Our Members Asked:
Which supplements help reduce flatulence (gas), and are there any that make it worse?
Flatulence, commonly referred to as "passing gas" or "farting," is a normal biological process the body uses to help get rid of small amounts of air that are swallowed or that build up during digestion. Conditions such as indigestion, irritable bowel syndrome, lactose intolerance, and others can cause excessive flatulence. Certain diet and lifestyle changes, including eating smaller meals, drinking and eating more slowly, avoiding certain foods, and exercising regularly may help reduce excessive flatulence.
Some supplements can help reduce gas — by breaking down gas-producing carbohydrates. But there are also several supplements that can cause gas.
Which supplements may help reduce flatulence?
Some digestive enzymes, including alpha-galactosidase (Beano) can help break down indigestible nutrients such as plant fiber. This may reduce the amount of this food fermented by bacteria in the gut, which may reduce the creation of gas and corresponding abdominal discomfort. Other digestive enzymes known as lactase enzymes may help improve the digestion of lactose (milk sugar) and decrease gas, bloating and diarrhea in people who are lactose intolerant. (See our Top Picks among tested lactase supplements.)
Certain probiotics may, at best, modestly help flatulence, as was shown in children taking a particular probiotic daily for three months. In adults, a particular probiotic supplement was shown to reduce gas and abdominal pain while another product showed no benefit.
Activated charcoal has been taken orally for flatulence based on its purported ability to bind to gas in the intestines, but evidence of benefit is conflicting (Hall, Am J Gastroenterol 1981; Jain, Am J Gastroenterol 1986; Suarez, Am J Gastroenterol 1999). Sign in for details about why researchers think activated charcoal might not work, and learn about possible side effects.
Which supplements increase gas?
Psyllium can cause bloating and gas, especially when you first start taking it. This may be reduced by reducing the dose or dividing it over the course of the day.
Similarly, berberine may cause gas and other abdominal symptoms, but taking smaller, divided doses with food or immediately after eating may help reduce these symptoms.
Myo-inositol can cause flatulence when taken at higher doses (e.g., 18 grams daily), but this side effect may be reduced by starting at a lower dose and then increasing to a higher dose.
Medium chain triglyceride oil may cause flatulence when used in large doses (e.g., five tablespoons twice daily).
A combination of saw palmetto and beta-sitosterol may cause flatulence in some people.
Protein powder and drinks, as well as nutrition bars, can also cause gas and bloating in some people. This is not due to the protein itself but typically due to lactose naturally in whey and casein proteins (unless they are protein isolates) or sweeteners that are not easily digested, such a sugar alcohols.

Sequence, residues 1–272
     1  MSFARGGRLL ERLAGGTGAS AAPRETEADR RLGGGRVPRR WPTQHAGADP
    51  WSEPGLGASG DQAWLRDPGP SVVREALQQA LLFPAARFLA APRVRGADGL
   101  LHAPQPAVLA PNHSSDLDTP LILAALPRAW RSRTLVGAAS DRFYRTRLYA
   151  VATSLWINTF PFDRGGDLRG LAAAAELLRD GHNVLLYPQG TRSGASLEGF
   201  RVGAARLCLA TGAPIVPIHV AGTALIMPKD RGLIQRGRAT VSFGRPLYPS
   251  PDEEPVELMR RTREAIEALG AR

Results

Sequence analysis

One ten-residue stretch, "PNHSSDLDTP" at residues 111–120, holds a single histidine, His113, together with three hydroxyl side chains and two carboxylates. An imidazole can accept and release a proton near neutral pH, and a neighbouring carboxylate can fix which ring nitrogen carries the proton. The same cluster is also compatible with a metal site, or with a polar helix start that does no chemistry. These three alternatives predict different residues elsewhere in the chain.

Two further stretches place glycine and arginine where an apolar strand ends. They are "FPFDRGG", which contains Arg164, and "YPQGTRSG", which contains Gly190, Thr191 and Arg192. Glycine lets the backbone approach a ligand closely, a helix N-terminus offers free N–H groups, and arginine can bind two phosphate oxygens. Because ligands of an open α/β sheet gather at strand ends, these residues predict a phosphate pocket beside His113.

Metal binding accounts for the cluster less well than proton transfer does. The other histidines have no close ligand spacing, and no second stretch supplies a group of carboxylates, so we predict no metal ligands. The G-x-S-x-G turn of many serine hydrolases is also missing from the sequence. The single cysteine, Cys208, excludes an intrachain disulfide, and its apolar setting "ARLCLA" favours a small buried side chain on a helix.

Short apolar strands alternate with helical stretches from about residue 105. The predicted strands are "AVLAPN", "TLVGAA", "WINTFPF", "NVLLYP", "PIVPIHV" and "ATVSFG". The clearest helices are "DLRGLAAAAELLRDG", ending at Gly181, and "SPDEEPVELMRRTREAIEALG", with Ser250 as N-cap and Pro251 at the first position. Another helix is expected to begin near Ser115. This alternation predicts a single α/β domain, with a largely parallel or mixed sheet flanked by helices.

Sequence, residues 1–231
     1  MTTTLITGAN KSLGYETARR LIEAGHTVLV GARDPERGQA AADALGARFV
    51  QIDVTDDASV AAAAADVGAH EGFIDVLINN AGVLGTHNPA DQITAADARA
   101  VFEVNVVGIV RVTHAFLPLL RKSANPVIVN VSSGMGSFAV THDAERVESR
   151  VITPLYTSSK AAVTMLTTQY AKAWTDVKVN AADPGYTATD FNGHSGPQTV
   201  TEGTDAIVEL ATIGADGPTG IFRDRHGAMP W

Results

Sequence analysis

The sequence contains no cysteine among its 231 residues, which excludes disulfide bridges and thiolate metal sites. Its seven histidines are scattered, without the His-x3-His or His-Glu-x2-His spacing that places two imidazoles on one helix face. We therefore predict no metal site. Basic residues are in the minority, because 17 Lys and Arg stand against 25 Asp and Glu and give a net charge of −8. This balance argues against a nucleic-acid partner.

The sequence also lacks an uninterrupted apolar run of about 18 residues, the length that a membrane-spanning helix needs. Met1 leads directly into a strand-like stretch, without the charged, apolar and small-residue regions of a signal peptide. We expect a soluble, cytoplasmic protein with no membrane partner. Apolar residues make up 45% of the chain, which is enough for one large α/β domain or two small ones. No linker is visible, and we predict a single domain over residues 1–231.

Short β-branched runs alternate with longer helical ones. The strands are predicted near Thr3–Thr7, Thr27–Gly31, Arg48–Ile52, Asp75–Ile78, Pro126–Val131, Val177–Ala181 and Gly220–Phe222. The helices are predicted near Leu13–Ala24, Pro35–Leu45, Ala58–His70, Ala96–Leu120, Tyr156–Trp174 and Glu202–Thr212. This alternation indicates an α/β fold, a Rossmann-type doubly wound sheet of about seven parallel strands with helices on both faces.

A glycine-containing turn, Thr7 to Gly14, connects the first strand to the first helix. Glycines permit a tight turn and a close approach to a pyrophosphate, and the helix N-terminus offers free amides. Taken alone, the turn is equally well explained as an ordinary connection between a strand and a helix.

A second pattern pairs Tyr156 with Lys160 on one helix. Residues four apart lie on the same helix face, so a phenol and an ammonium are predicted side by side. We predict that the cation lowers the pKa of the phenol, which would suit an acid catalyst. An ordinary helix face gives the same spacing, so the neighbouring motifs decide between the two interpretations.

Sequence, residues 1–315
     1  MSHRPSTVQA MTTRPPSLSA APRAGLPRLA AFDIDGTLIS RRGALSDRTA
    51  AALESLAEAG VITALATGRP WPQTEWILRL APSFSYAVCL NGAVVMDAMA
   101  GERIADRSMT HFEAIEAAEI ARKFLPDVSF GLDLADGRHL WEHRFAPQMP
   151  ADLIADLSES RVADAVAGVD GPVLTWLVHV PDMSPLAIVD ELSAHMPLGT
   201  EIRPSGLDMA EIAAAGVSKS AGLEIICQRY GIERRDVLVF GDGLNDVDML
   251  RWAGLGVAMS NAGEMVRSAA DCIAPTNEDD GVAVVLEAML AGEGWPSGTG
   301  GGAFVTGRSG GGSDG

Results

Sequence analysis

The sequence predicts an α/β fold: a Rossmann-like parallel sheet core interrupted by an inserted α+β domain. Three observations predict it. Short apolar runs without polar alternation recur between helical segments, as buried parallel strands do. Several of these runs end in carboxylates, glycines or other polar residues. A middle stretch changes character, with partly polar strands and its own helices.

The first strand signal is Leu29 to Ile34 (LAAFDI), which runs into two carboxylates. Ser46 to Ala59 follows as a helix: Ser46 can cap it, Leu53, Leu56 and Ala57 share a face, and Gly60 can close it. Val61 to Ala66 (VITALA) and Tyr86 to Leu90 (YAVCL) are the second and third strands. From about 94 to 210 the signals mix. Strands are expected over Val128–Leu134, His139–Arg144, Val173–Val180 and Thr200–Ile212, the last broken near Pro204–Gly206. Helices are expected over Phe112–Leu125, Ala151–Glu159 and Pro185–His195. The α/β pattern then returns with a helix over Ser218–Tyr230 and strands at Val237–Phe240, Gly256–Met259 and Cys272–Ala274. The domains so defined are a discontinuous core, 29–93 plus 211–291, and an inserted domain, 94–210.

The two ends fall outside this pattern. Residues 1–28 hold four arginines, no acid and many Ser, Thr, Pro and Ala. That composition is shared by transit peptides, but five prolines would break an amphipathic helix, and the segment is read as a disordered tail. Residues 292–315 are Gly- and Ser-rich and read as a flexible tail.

Which foods cause gas?
Foods that contain large amounts of indigestible carbohydrates can result in gas, as these carbohydrates are digested by bacteria in the colon. Such foods include beans, Brassica vegetables (such as broccoli, cabbage, or Brussels sprouts), lentils, onions, prunes, apples, and others. Foods that contain unrefined cereal fiber (such as bran), sugar alcohols (such as sorbitol, which is found in sugar-free gum and nutrition bars), and/or fructose may also cause gas (NHS Inform, Causes of Flatulence). As noted earlier, people with lactose intolerance can get gas from lactose, as naturally found in many dairy products. (See how much lactose is in various foods.)
The Bottom Line:
Flatulence is a normal biological process, but some people can experience excessive flatulence. Diet and lifestyle changes, including avoiding certain foods, eating more slowly and exercising can usually help. For some people, taking certain supplements, such as the digestive enzymes lactase and alpha-galactosidase, may also be beneficial.
In addition the results of its expert testing, ConsumerLab uses only high-quality, evidence based, information sources. These sources include peer-reviewed studies and information from agencies such as the FDA and USDA, and the National Academy of Medicine. On evolving topics, studies from pre-print journals may be sourced. All of our content is reviewed by medical doctors and doctoral-level experts in pharmacology, toxicology, and chemistry. We continually update and medically review our information to keep our content trustworthy, accurate, and reliable. The following sources are referenced in this article:
- Hall, Am J Gastroenterol 1981
- Jain, Am J Gastroenterol 1986
- Juurlink, Br J Clin Pharmacol 2016
- NHS Inform, Causes of Flatulence
- Olson, J Med Toxicol 2010
- Suarez, Am J Gastroenterol 1999